Convolutional neural networks are a class of deep, feed-forward (not recurrent), special type of artificial neural networks popular in the field of image processing for their robustness [32]. In contrast to the simple neural networks or multilayer perceptron (MLP), where the output of a neuron is decided by the scalar product operation between the weights of the connections and the outputs of the previous neurons, convolutional neural networks employs convolutional layers followed by an activation function to decide the output of the neurons. Unlike MLPs, the CNNs also add pooling layers to successively reduce the feature dimensions and to reduce the number of parameters in the network. Due to the fully-connected layers at the input of MLPs, they are not translation invariant, and hence not ideal to be used in image processing. CNNs, however, employs variant-sized sliding filters that are updated during the training process to add translation and scale invariance properties, making them ideal choice for image processing. Variants of CNNs also use fully-connected layers at the final stage of the network in order to aggregate the information generated from the final convolutional features and to generate final classification.
The task of object detection from images involves predicting the location and the category label or class name of the object in the image. The location of the object is usually represented by a bounding box (using the coordinates of the corners of the bounding box). In order to train the CNN-based object detectors, the images are passed as input to the network. During the training process, the network predicts the location and class name of the objects in each image, which is compared with the ground truth bounding box annotations for that image using a loss function. The output of the loss function is back-propagated to the network which in turn updates the weights of the convolutional filters to predict better results. The training is stopped when the output of the loss function becomes very small or saturates.
For power line detection, most of the related work uses edge detection followed by post-processing and then the Hough line algorithm to detect lines in the edge map. Alka et al. [34] presented a scheme that shows the superiority of using the Canny filter over the Gabor filter for power line detection. In another study [7], an edge drawing algorithm (EDLines) is proposed to draw lines using a gradient map. The algorithm extracts line segments by connecting local maxima with other responses after sliding a 3 × 3 kernel. Liu et al. [8] proposed a power line detection algorithm for guiding unmanned aerial vehicle (UAV). The method applies a steerable filter to the input image and then uses connected component analysis to connect the ridge points. Finally, collinear line segments are linked to form a long line by using the line fitting algorithm. The images are taken from right above the power lines, by flying the UAV 20 to 60 m exactly above the power lines, hence the power lines appear parallel to each other. However, flying the UAV exactly above the power lines is not recommended due to safety reasons. Again, these methods report the accuracies on a very small dataset, i.e., eight images [34], 29 images [7], six images [8], which do not guarantee the robustness of the algorithm. While general line detection methods like Hough and Line Segment Detector (LSD) [35], when applied to power line detection [8] result in many false positives due to manual parameter selection. A method to alert pilots to avoid hitting into power line is proposed in [36], however, the method only detects the presence or absence of the power line in a given frame of the video using a trained SVM classifier.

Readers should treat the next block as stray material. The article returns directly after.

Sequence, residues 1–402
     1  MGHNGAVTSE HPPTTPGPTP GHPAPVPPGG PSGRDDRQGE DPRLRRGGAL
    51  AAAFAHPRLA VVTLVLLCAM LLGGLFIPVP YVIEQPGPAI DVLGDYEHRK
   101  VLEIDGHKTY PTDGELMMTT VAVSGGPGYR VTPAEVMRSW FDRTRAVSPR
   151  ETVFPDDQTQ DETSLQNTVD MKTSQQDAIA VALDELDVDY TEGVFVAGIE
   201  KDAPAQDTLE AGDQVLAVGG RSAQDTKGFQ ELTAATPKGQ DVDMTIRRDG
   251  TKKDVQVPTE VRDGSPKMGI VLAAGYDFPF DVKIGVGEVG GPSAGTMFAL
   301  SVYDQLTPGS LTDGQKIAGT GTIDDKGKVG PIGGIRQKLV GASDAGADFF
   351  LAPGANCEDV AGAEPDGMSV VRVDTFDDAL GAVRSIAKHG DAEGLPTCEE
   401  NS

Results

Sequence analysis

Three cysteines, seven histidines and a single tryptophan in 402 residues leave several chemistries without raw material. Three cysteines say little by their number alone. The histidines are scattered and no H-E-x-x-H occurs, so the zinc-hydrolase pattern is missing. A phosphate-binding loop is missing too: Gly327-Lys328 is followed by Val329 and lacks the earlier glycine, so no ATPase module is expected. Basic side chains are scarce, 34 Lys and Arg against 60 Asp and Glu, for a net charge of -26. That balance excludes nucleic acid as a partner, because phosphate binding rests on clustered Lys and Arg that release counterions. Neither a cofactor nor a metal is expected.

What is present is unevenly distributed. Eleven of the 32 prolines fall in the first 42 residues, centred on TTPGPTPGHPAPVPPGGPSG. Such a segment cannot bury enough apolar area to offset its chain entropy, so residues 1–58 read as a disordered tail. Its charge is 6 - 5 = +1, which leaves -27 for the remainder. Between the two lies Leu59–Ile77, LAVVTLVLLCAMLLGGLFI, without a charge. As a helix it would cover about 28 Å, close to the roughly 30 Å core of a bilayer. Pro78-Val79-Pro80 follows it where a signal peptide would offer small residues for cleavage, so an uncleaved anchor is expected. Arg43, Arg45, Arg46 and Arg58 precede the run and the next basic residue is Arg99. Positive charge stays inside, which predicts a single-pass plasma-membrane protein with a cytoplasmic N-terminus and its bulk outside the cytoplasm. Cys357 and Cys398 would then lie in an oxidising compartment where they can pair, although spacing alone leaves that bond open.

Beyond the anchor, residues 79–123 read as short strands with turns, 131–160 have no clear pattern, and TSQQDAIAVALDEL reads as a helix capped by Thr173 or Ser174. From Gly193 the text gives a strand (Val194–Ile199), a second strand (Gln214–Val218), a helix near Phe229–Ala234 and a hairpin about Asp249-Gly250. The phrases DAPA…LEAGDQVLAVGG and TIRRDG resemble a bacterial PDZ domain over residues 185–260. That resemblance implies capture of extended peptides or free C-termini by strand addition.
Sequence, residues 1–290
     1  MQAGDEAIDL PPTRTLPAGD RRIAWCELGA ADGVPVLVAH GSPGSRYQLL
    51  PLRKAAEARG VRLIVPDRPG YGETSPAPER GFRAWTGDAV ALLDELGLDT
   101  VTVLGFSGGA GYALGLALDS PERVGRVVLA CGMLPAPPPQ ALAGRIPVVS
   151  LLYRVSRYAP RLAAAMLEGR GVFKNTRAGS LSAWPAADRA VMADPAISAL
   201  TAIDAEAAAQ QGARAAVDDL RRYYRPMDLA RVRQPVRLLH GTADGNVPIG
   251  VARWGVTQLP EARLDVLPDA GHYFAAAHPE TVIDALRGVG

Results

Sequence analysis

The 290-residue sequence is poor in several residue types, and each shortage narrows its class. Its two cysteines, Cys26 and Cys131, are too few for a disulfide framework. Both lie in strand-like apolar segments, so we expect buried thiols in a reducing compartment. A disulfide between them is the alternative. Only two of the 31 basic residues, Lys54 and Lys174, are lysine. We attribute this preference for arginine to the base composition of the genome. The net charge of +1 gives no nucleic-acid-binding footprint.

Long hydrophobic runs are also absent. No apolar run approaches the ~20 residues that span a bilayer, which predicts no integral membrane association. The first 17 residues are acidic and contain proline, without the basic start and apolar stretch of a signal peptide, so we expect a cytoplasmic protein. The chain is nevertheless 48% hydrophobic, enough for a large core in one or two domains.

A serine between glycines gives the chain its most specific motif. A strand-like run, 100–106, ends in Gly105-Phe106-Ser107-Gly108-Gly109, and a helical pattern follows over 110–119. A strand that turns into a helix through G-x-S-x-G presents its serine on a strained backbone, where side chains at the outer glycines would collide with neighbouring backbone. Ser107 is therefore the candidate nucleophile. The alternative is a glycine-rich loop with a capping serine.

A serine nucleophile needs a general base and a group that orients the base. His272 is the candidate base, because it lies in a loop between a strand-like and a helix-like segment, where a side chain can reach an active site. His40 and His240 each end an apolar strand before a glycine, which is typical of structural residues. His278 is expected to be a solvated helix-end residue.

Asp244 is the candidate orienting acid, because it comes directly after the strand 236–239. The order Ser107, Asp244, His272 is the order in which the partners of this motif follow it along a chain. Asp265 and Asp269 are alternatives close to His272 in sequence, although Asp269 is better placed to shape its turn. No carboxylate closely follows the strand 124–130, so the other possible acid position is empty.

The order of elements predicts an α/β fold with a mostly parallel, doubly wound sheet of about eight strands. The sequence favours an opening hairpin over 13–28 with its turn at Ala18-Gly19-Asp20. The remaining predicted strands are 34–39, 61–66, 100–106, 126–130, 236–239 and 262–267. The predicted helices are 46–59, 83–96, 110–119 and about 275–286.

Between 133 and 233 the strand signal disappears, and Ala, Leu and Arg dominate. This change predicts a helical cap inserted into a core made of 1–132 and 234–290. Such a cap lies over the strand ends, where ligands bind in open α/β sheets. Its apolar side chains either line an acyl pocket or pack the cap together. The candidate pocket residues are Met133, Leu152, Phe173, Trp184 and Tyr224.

With the rapidly expanding scale of power grids, conventional methods of manual inspection using electro-magnetic field meters are far from satisfying the growing demand, because of the vulnerability to bad weather conditions, high prices, and low accessibility [37,38,39]. Even though there are a number of proposed systems for automatic insulator detection from aerial images taken using patrolling helicopters and power line robots [40,41], the high price, low stability, and less robust vision algorithms make them less viable.
Hence, this paper proposes a complete real-time transmission line components inspection framework that can detect power lines and various kinds of electrical components including insulators, splitters, connectors, etc. from live video, taken from a drone quad-copter, and can be subsequently examined for potential defects. In order to assist the camera system to detect transmission line components in live video, a CNN-based transmission line components detector is trained and embedded on an NVIDIA Jetson TX2 board (NVIDIA Corporation, Santa Clara, CA, USA). To the best of authors’ knowledge, there has been no study where CNN is ported to GPU-equipped embedded platform to detect and classify different types of power line components form a live video. In addition, the embedded platform also detects the power line using proposed power line detection algorithm. The proposed transmission line components detection and defect analysis system is highly robust against the cluttered background, occlusion, arbitrary orientations, diverse lighting conditions, and viewpoint changes.
The main contributions of this study are:
  • Unlike earlier studies that use handcraft features, this study explores the robustness of the CNN features and uses them for the task of multi-type HV transmission line components detection in a highly cluttered environment.